In India, the GST regime is designed to reduce the prices for consumers and make compliance more straightforward for businesses. Unfortunately, because of how the law is structured, individual states in India are likely to lose money. The government created the compensation cess to help those states stay afloat as the country adjusts to GST. If you run a business in India, that GST cess may affect your taxes and cash flow.
So what is GST Cess? In this article let us understand more in detail about GST Cess.
What is the GST Compensation Cess?
Under section 8 of the GST Act,2017, Cess under GST is a compensation cess levied on certain goods and services. It is levied on interstate and intrastate transactions of goods and services to compensate for the revenue losses that occurred to the States because of the implementation of GST in the country.
After implementing GST, only the states where the actual consumption of goods will receive the indirect tax revenue. Therefore, it results in a loss for the states whose income mainly comes from exporting goods and services. To compensate for this loss of revenue, the government has done an act under which a GST compensation cess would be charged on some specific items for 5 years, after which it will be removed completely.
Types of Cess in India
GST Cess Applicability
GST Cess would apply to both the supply of goods or services that the Central Government has notified. Also, inter and intra state supplies of goods and services would attract GST cess. Under GST, all taxable persons, except registered taxpayers under GST composition scheme, are expected to collect and remit GST cess.
The following goods will attract GST Cess :
Link to Compensation Cess (Rate) Notifications: Goods & Service Tax, CBIC, Government of India:: Compensation Cess (Rate) Notifications
Salient Aspects of GST Cess
The GST Cess of The Goods and Services Tax (Compensation to State) Act, 2017 provides the manner of ascertaining the amount of compensation payable to the state during the transition period of 5 years by the Central Government on account of revenue loss attributable to levy goods and services tax.
- To ascertain the Base year.
- To identify the revenue for the base year
- Computation of compensation and release of compensation
- Projected revenue.
How is the Compensation Cess Distributed to the States?
Below is the calculation for the amount of compensation to be distributed to each state.
Step 1: Base revenue = State Tax revenue in the financial year 2016-17.
Step 2: Consider the growth rate as 14% and calculate projected revenue for each financial year.
Projected revenue implies that this would be the revenue that a state could have earned if GST were not implemented. This calculation is done for five years since the compensation cess is to be in effect for the transition period of five years.
Step 3: Calculate the Compensation payable for each FY as follows
Such a provisional calculation is done, and the amount to the states are paid in every two months to the states. Then, the surplus at the end of the compensation fund of the transition period will be distributed between the states and center using an appropriate formula.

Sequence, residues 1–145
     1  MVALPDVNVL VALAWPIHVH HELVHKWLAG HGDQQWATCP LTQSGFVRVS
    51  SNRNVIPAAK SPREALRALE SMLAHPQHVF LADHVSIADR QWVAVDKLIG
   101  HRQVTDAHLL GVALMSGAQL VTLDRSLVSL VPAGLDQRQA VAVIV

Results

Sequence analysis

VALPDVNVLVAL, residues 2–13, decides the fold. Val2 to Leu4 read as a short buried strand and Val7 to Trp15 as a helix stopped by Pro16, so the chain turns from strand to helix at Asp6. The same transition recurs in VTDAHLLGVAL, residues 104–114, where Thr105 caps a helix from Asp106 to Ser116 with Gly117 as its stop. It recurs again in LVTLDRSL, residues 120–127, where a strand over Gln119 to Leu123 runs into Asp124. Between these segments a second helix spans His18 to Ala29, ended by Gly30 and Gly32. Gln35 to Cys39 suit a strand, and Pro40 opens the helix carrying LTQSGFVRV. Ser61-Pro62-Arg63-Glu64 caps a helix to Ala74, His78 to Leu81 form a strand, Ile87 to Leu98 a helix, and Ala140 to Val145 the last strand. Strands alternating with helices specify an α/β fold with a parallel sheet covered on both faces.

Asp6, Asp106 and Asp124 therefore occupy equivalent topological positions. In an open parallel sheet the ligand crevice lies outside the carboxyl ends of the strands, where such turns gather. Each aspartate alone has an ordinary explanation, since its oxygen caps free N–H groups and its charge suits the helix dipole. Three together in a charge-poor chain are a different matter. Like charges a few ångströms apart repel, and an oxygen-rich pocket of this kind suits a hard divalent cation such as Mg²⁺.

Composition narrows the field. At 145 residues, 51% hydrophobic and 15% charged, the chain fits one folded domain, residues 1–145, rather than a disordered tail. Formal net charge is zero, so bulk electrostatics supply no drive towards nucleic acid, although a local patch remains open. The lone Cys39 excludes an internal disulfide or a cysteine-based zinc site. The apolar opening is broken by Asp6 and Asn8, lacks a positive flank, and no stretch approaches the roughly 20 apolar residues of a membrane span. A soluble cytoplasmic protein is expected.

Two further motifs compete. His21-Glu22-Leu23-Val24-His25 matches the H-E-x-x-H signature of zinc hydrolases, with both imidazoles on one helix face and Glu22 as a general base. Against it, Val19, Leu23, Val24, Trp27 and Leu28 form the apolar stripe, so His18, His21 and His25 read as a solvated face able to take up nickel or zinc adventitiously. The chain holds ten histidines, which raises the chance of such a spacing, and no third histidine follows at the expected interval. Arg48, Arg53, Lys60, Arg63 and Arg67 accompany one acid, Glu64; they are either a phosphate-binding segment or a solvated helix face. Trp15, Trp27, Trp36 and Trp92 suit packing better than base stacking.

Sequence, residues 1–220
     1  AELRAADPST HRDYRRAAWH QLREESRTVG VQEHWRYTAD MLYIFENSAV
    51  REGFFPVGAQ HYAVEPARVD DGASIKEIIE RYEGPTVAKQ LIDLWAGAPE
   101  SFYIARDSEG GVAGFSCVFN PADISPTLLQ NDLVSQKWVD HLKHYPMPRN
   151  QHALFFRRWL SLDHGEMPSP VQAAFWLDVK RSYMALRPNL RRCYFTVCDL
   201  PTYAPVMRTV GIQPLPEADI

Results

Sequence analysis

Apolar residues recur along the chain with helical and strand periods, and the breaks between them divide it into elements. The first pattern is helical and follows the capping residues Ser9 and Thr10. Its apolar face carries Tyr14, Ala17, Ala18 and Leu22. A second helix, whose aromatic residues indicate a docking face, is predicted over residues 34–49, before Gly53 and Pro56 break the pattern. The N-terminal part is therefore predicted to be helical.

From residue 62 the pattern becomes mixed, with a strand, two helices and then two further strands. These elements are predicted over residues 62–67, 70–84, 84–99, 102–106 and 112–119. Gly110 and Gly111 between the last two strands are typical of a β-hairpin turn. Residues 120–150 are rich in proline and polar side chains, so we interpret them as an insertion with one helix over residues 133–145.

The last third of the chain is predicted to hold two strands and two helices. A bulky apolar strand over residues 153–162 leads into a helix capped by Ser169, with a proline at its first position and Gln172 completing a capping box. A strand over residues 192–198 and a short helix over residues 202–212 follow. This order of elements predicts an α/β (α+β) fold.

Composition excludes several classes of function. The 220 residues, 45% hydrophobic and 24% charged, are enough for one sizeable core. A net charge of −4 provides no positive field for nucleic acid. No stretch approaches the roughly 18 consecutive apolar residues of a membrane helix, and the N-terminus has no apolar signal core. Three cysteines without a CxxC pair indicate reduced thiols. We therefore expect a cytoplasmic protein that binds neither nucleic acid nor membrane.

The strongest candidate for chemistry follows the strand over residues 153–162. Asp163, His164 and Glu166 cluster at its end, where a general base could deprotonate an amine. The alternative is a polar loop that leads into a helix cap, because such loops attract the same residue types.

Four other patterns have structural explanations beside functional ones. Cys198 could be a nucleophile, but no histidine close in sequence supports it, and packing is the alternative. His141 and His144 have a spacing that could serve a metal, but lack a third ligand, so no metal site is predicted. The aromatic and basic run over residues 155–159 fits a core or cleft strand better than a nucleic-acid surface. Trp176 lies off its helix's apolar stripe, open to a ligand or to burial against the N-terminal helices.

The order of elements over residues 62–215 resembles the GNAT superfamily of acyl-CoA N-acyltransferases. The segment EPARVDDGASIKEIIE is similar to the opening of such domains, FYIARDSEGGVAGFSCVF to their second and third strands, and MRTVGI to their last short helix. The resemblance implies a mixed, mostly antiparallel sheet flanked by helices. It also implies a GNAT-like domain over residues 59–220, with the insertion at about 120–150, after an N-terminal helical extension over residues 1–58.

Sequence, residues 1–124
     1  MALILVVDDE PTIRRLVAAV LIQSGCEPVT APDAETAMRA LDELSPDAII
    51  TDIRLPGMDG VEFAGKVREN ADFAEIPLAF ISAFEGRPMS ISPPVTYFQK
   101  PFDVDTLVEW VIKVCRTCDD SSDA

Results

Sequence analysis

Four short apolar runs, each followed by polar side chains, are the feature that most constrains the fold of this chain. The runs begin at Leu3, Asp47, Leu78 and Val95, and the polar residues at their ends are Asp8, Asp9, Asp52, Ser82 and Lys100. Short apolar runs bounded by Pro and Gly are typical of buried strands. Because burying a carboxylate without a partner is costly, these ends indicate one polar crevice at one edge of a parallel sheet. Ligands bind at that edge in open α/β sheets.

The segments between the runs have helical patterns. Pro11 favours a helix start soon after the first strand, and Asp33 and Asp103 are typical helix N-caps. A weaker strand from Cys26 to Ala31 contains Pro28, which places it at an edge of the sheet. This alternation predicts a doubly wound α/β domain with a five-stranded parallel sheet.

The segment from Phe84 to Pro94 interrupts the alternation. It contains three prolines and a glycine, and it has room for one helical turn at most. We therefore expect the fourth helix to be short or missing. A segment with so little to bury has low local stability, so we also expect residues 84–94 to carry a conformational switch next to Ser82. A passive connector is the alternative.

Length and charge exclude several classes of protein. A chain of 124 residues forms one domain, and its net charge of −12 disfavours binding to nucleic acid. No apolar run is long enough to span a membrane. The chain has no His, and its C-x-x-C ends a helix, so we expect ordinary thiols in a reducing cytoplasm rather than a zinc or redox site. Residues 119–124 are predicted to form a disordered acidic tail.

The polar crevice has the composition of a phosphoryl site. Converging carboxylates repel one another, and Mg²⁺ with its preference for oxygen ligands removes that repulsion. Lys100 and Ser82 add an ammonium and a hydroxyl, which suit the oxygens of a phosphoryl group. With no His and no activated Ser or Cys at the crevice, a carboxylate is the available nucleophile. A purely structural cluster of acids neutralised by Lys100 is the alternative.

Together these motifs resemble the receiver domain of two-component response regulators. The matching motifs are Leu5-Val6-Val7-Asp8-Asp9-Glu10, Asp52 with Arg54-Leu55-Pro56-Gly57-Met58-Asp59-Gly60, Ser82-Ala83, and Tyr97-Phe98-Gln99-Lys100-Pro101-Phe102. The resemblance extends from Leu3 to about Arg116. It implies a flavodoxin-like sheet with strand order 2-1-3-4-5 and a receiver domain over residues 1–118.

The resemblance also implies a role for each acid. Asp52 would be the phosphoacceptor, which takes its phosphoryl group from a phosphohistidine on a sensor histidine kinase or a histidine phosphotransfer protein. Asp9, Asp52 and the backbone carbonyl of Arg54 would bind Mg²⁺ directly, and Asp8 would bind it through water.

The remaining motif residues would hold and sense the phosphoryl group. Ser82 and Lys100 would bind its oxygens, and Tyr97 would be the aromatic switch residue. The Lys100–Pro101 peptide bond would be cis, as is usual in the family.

Input Tax Credit and GST Compensation Cess
If you are a producer, the input tax credit (ITC) can help you partially lessen the GST liability by paying the difference between the already paid tax on the raw materials of certain goods and that on the final product. In short, to reduce the final GST liability, the taxes paid on purchase(Input Tax), will be subtracted from the taxes paid on the final product(Output Tax)
Example: Let us consider, you are a producer and GST payable on the final product os Rs.500. But, you have already paid Ras.300 on the raw material purchase, and you claim Rs.300 as ITC(Input Tax Credit), and only pay the balance of Rs.200 as GST during supply time.
Similarly, on the GST Cess paid during the purchase of notified goods, the ITC can also be claimed. However, ITC claims in these cases can only be utilized to pay GST Cess and not SGST, CGST, or IGST.
How to Calculate GST Cess?
Cess must be calculated based on the taxable value of the supply of the goods or services that attract GST cess and provided in the GST cess rate schedule. If GST cess is applicable in India on goods imported, then the cess will be imposed and collected along with the IGST and custom duty.
- If the value of goods imported into India is Rs.100/-,
- GST rate is 18%, and
- Customs duty is 10%.
If the goods attract GST Compensation Cess, then GST Compensation Cess would be levied on Rs. 110/-, as Compensation Cess is not levied IGST
How Long Does the Compensation Cess Last?
The GST law is designed in such a way, where the compensation cess lasts for 5 years, i.e, the Cess is set to end in July 2022. This five years period gives states time to adjust and transition to the regime. However, as Cess has undergone many changes, the government may change it based on the GST council recommendation.
- In addition to regular GST, the GST compensation cess is levied on notified goods belonging to the luxury and demerit categories.
- It needs to be paid by all taxpayers, except for those who has exported the notified goods and opted for the GST composition scheme
- The GST compensation cess collection is currently applicable only for the first 5 years of the GST regime, until 1st July, 2022, to compensate the heavy manufacturing states for any losses due to the composition based on GST nature.
- Based on the methodology specified in the GST Act, 2017, the compensation cess is payable to states is calculated.
- Every 2 months, the compensation fund is collected and released.
- From the compensation fund, any unused money, at the end of the transition period, shall be distributed between the center and states as per the formula.
Let us see how compensation cess work in Deskera Books